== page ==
Author Archives: Humanosphere

With homicide rates on the rise, the Peace Corps pulls out of El Salvador

As El Salvador slips deeper into the grip of violence, the U.S. Peace Corps exits the country, suspending a program in the Central American country that has been in operation since 1962. The withdrawal was “due to the ongoing security environment,” the agency said in a statement, but did not identify any specific security incidents

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Ebola quarantine of healthy travelers brings class action suit in Connecticut

The residents of Connecticut who were forced to stay in quarantine after returning from West Africa in 2014 were illegally detained, a lawsuit against the state charges. Students from the Yale Law School filed the class action suit against Gov. Dannel Malloy and state health officials on behalf of those affected. They charge that it

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Climate change: Economists agree it’s time for a plan to stop warming

A survey of 365 climate economics experts shows that there is consensus around the need slow climate change because of its long-term negative effects. And they agreed that some sort of carbon-pricing plan is needed to create incentives to reduce emissions and investments in low- or no-carbon energy alternatives. The Institute for Policy Integrity at New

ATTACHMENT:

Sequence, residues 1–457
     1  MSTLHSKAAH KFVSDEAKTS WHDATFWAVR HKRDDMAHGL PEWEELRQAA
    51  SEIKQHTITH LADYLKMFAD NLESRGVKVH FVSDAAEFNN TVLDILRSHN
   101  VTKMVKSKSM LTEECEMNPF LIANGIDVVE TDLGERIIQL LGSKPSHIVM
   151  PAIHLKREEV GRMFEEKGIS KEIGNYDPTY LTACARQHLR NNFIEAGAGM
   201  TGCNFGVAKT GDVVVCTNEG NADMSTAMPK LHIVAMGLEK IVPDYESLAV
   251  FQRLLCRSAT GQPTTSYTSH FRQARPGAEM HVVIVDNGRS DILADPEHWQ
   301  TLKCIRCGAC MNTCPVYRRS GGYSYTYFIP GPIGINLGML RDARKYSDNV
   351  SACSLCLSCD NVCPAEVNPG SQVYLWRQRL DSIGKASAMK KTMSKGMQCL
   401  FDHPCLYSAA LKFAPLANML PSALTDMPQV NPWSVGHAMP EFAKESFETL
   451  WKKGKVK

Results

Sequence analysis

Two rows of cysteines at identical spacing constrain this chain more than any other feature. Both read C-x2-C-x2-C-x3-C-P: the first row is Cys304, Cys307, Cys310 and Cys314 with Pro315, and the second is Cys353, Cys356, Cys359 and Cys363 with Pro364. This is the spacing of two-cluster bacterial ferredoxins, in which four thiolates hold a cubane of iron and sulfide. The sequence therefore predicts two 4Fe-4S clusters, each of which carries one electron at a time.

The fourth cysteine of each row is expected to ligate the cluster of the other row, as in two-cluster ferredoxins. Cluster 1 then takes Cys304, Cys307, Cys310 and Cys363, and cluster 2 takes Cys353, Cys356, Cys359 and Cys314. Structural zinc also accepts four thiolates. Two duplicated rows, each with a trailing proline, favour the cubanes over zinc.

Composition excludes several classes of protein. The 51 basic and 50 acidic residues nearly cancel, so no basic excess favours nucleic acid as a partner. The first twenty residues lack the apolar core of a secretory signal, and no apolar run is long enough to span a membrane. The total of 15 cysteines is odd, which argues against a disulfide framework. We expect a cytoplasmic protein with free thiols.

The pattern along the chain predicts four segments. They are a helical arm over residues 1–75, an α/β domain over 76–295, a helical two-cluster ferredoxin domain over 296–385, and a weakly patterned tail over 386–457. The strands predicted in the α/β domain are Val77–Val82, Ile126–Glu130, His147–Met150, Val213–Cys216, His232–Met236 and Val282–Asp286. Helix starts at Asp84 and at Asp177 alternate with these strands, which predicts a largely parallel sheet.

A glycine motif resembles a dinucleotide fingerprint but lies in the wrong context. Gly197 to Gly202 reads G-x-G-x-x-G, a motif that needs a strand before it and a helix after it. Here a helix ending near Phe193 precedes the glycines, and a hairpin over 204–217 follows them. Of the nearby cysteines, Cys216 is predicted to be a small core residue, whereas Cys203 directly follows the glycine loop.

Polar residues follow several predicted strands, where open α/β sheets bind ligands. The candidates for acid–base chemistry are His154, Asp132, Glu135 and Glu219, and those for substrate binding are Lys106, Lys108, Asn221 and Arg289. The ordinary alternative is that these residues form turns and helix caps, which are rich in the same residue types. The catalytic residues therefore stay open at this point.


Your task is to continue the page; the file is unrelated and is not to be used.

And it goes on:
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News in the Humanosphere: Uber disputes turn violent in Kenya

A war is brewing between local taxi drivers and Uber in Nairobi, with cabbies protesting against the ride-hailing app’s presence in the city. They say its cheap fares are threatening to put them out of business and are demanding the government shut Uber down. Two suspects were arrested this week for allegedly attacking an Uber

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The Afghan boy who stole Lionel Messi’s heart – and ours

Murtaza Ahmadi, a 5-year-old boy living in Afghanistan, wanted to emulate his soccer hero, Lionel Messi of FC Barcelona. At Murtaza’s request, his older brother Homayoun used a blue and white striped plastic bag and fashioned it into a jersey with the name Messi across the front. A picture Homayoun uploaded to Facebook of Murtaza

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News in the Humanosphere: Syria’s second-largest city comes under siege by Assad forces

Last week, the regime of Bashar al-Assad, supported by Iranian and Lebanese Shia militia, severed the main road from Aleppo to the Turkish border, a narrow corridor through which the rebels and NGOs alike moved supplies. The Syrian Observatory for Human Rights reports that several villages in the area were hit by airstrikes on Sunday.

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New maps illustrate stark racial segregation in Brazil’s cities

A new series of maps and infographics depict the geography and racial distribution of Rio de Janeiro and other cities in Brazil. The maps were developed by São Paulo geography student Hugo Nicolau Barbosa de Gusmão, who drew inspiration from similar maps of racial segregation in U.S. cities. Barbosa’s maps, which categorize racial distribution by

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Zika: Women told to delay pregnancy, but lack reproductive rights to heed call